Chapter 3 is the second chapter of the main topic and was prepared to achieve the third purpose of this study. In other words, it is a chapter prepared to compensate for the limitations of generality and universality of the theory. The individual characteristics of the three New Northern countries dealt with in this paper are analyzed in-depth. In the last section, by briefly comparing and analyzing the status of IT industry development and the governments’ development strategies, we derive the individual characteristics of these countries in the IT industry and development strategies as much as possible.
As a result of comparing and reviewing the current status of the IT industry in the three countries using the best data available, we conclude that the level of development in the IT industry is similar to that of Russia and Kazakhstan, while Uzbekistan is relatively lagging. These differences in industrial development are reflected in differences in transition strategies to the digital economy and IT industry development strategies of the three countries. In particular, Russia and Kazakhstan, which are highly dependent on natural resources, are considered to be more interested in transforming the economic structure through the development of the IT industry. Specifically, Russia’s policy focus is on improving existing IT infrastructure and related systems and enhancing the practical competitiveness of the Russian IT industry in the global market. On the other hand, Kazakhstan has a policy focus on improving existing IT infrastructure and related systems, but no specific policy has been prepared to develop the IT industry. Finally, in Uzbekistan, the establishment of IT infrastructure should be prioritized, and accordingly, this becomes the most important policy goal. There is still no national policy for developing the IT industry like Kazakhstan. Both Kazakhstan and Uzbekistan have yet to have IT companies to secure competitiveness in the global market, so national strategies and policies for developing the IT industry are expected to differ from Russia’s.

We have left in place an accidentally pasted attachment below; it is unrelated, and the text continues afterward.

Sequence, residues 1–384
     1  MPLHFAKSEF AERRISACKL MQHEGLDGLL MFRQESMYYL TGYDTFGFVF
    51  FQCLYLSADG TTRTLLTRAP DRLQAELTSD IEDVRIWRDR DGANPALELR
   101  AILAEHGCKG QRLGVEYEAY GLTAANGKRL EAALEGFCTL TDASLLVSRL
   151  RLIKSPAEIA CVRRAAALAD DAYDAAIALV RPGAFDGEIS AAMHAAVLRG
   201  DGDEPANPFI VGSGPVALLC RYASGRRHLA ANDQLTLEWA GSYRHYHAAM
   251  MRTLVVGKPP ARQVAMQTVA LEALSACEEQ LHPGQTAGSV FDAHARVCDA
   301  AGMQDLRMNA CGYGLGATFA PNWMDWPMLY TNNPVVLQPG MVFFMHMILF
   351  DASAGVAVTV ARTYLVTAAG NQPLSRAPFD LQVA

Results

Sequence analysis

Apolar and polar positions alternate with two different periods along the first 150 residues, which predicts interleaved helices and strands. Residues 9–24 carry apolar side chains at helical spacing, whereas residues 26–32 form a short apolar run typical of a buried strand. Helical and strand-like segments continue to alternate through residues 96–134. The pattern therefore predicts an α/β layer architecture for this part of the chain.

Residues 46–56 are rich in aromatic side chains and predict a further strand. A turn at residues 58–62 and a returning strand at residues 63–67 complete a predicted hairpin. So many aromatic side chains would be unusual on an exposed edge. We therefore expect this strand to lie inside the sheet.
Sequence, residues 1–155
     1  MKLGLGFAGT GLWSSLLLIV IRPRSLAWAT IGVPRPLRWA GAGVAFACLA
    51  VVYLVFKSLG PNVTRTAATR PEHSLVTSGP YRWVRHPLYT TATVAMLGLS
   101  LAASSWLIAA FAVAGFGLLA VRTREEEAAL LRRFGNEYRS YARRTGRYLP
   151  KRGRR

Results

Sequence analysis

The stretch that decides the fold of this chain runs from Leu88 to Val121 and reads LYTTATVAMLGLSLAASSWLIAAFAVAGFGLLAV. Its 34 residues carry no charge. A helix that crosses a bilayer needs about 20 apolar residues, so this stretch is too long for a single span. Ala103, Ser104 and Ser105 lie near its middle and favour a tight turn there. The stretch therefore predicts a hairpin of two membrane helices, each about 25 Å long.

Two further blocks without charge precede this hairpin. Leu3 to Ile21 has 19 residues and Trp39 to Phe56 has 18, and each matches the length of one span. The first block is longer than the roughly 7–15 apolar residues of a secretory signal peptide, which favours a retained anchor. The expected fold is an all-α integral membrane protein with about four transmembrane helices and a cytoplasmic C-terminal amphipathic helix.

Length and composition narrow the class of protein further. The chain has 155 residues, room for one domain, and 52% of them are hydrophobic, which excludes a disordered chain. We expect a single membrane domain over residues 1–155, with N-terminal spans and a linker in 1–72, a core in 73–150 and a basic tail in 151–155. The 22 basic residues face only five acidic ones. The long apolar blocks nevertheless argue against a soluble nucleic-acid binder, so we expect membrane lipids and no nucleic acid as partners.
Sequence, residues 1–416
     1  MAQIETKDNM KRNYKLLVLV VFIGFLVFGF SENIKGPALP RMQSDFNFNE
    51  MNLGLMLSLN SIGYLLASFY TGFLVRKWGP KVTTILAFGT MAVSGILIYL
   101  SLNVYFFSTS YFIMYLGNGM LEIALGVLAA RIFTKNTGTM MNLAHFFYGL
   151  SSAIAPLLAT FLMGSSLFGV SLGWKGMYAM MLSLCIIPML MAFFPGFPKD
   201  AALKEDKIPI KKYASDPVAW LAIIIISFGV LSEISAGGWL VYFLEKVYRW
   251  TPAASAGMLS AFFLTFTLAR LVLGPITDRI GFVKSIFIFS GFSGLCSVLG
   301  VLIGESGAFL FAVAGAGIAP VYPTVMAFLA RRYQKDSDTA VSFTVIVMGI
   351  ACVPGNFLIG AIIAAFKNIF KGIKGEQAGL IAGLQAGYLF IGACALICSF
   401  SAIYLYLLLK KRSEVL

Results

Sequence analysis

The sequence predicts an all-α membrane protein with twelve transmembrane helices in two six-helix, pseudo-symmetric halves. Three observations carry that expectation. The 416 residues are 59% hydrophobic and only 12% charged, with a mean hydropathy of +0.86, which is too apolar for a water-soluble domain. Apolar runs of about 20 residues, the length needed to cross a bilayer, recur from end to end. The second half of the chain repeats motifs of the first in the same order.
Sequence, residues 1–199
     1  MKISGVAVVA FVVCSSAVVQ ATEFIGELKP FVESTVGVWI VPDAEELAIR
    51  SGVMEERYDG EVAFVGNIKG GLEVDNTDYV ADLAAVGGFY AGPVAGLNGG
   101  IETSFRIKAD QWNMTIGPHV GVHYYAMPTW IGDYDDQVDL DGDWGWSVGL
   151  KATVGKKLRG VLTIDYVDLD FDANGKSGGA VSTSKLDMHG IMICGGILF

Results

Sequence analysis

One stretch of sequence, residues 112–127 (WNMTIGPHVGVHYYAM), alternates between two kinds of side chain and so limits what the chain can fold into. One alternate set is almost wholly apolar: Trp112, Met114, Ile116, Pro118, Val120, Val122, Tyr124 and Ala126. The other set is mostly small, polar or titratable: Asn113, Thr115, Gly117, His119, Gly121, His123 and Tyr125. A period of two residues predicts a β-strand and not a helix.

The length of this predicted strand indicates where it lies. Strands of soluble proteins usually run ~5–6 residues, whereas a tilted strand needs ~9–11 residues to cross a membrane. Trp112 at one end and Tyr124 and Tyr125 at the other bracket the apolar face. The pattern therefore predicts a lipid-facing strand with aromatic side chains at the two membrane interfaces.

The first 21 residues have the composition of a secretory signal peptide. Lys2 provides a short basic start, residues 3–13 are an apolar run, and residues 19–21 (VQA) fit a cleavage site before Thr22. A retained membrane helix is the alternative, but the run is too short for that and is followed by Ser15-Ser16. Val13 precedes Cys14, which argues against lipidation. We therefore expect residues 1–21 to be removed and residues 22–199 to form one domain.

In Chapter 4 we objectively identify which IT technology field can maximize the effectiveness of cooperation between Korea and Russia. We statistically analyzes technology patent data registered by Korea and Russia over the past five years. Chapter 4 examines which technological cooperation has a strong synergy effect and a positive propagation effect, and infers the immediate “need for technological cooperation” based on this. As a result of patent citation analysis, we find that the cooperative synergy between Korea’s semiconductor-related technologies and Russia’s digital computing or data processing will be prominent, reflecting each country’s technological comparative advantage. In addition, when using the network analysis method, we find that such technological cooperation has a high scope of the propagation effect and immediate influence of cooperation as well as synergy effect of cooperation.